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Thursday, 24 June 2010
Page: 6531


Mr BOWEN (Minister for Financial Services, Superannuation and Corporate Law and Minister for Human Services) (11:04 AM) —I move:

That this bill be now read a second time.

Today I introduce a bill to amend the Corporations Act 2001, the Australian Securities and Investments Commission Act 2001 and the Telecommunications (Interception and Access) Act 1979.

This bill contains two separate but related key measures, both aimed at improving investor trust and confidence in the Australian share market and cracking down on those doing the wrong thing.

The first measure reforms the regime governing access to information contained on company member registers, specifically banning improper uses of company registers.

The second measure strengthens increases the penalties for market offences in the Corporations Act, such as insider trading, and enhances the investigative powers of the Australian Securities and Investments Commission to catch those who would commit these offences.

Access to Registers

A company’s register of members is required to contain members’ names, postal addresses and shareholding details. Until now, anyone could demand a company provide a copy of its register without providing any indication of the purpose for which they intend to use the information.

Today, the government has introduced legislation to prevent members’ contact details being used for improper purposes.

The purposes will be spelled out in regulations but the government has made it clear that we intend this reform to have the effect of stamping out the predatory practice of making unsolicited below-value share offers to vulnerable shareholders.

The bill will do this by limiting the instances in which a copy of a register of members of a company or registered scheme may be obtained.

A person seeking a copy of the register will have to apply to the company and state the purpose for which they intend to use the information contained in the copy of the register. The company can refuse to provide a copy where the purpose is listed as an improper purpose, which will be provided in the Corporations Regulations.

Examples of these improper purposes are:

  • the solicitation of a donation from a member of a company;
  • the solicitation of a member of a company by a broker;
  • gathering information about the personal wealth of a member of a company; and
  • making an unsolicited off-market offer to purchase shares in a listed company—other than as part of a genuine takeover offer.

As such, the bill will ensure that vulnerable investors are protected from individuals or businesses that seek to profit by purchasing their shares for less than their value.

Penalties for Market Offences

The second arm of the bill increases the criminal penalties associated with breaches of the insider trading and market misconduct provisions in part 7.10 of the Corporations Act.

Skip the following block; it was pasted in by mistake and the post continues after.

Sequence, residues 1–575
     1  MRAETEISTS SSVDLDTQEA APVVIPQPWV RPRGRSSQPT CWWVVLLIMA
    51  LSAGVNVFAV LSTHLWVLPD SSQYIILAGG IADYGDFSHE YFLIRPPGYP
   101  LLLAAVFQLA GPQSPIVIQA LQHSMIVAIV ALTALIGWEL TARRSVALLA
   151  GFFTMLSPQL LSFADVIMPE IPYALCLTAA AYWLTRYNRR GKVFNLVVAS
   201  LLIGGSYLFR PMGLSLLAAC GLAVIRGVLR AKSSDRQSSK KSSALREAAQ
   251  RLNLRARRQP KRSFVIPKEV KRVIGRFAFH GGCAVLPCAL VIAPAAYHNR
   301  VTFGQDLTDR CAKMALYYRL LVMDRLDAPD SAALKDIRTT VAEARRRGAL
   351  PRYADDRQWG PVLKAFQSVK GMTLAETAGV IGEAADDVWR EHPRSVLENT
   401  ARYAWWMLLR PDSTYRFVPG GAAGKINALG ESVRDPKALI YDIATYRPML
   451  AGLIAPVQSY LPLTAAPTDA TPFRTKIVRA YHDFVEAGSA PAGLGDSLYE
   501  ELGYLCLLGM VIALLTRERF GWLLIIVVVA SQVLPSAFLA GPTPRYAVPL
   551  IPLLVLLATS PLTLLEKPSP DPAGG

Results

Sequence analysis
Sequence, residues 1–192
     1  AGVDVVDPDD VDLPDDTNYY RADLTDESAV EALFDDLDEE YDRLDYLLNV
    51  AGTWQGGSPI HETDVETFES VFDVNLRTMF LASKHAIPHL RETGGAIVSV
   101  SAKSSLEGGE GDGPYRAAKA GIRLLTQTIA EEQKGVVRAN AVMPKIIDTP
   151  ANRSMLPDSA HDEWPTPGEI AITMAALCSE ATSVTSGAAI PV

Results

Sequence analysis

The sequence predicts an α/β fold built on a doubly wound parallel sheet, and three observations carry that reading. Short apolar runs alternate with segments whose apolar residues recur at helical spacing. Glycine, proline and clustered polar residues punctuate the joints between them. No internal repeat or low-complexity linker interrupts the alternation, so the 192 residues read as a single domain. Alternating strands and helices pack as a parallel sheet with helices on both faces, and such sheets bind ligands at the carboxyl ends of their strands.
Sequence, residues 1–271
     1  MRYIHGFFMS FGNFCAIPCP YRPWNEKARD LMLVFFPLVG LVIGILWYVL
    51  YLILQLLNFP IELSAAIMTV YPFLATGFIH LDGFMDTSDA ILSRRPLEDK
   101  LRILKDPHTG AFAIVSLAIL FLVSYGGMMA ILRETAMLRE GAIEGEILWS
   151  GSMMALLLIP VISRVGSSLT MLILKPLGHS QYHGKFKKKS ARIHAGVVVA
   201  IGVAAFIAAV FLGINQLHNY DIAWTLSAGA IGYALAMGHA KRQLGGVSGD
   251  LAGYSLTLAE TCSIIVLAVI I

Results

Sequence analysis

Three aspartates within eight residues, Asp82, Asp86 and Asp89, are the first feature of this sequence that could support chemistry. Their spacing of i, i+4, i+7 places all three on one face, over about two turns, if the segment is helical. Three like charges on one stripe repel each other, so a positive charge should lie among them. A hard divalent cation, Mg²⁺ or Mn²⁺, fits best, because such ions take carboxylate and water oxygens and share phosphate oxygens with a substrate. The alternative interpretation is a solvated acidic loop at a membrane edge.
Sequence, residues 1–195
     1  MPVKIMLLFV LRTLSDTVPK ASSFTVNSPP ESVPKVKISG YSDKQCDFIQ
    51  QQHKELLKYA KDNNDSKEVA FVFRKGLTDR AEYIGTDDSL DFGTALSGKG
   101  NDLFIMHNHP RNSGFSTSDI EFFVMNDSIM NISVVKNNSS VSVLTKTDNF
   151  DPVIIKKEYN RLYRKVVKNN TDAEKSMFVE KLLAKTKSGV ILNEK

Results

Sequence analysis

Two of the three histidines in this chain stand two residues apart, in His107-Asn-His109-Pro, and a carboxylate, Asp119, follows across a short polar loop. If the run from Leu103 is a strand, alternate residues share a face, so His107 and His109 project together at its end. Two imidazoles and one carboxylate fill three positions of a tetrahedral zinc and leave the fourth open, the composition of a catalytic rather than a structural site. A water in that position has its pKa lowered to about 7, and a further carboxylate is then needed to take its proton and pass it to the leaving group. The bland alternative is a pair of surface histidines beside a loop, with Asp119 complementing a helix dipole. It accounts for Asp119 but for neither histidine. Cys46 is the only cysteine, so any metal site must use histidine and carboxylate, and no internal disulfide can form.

Insider trading and market manipulation unfairly distort Australia’s financial markets and cause serious harm to their fair and efficient functioning. These markets function best when information is widely dispersed and investors have confidence in their fairness.

It is therefore essential that the penalties reflect the serious impact that breaches of these provisions have on financial markets.

Moreover, the benefit that can be gained from engaging in insider trading or market manipulation often far outweighs the maximum penalty that can currently be imposed for a breach.

Therefore, the maximum fine for individuals found to have breached the provisions will be increased to 4,500 penalty units (currently $495,000) or three times the benefit attributable to the breach. The maximum term of imprisonment will be increased to 10 years.

The maximum penalty for a corporation will be:

  • 45,000 penalty units (currently $4.95 million);
  • three times the benefit attributable to the breach; or
  • 10 per cent of the corporation’s annual turnover during the applicable period.

The bill also clarifies how criminal liability is imposed under section 1041B of the Corporations Act.

Improved Offence Detection Powers

The bill also includes the insider trading and market misconduct provisions in part 7.10 of the Corporations Act in the list of serious offences in section 5D of the Telecommunications (Interception and Access) Act 1979.

Insider trading and other market offences are difficult to investigate, as these offences by their very nature involve complex networks of people, technological sophistication and avoidance of paper and traceable communications. In addition, the transactions often occur in real time, meaning that telephone conversations are often the only evidence of the offence.

This bill enables authorities to obtain direct evidence of these offences—such as the content of conversations—rather than simply relying on circumstantial evidence, such as the mere existence of suspect telephone calls.

These amendments bring ASIC into line with the Australian Competition and Consumer Commission.

Of course, when serious powers such as these are provided, proper protections must also be in place as a safeguard. For that reason, the bill makes it clear that such material can only be obtained by a proper agency, such as the Australian Federal Police, under a judge-issued warrant.

Separately, the bill amends the search warrant power in the ASIC Act to permit ASIC to apply for a search warrant without first having to issue a notice to produce the material sought by the warrant. The current arrangements provide those under investigation with an opportunity to destroy incriminating material.

Minco Approval

The Ministerial Council for Corporations has been consulted and has approved the amendments contained in this bill. I commend the bill to the House.

Debate (on motion by Mrs Markus) adjourned.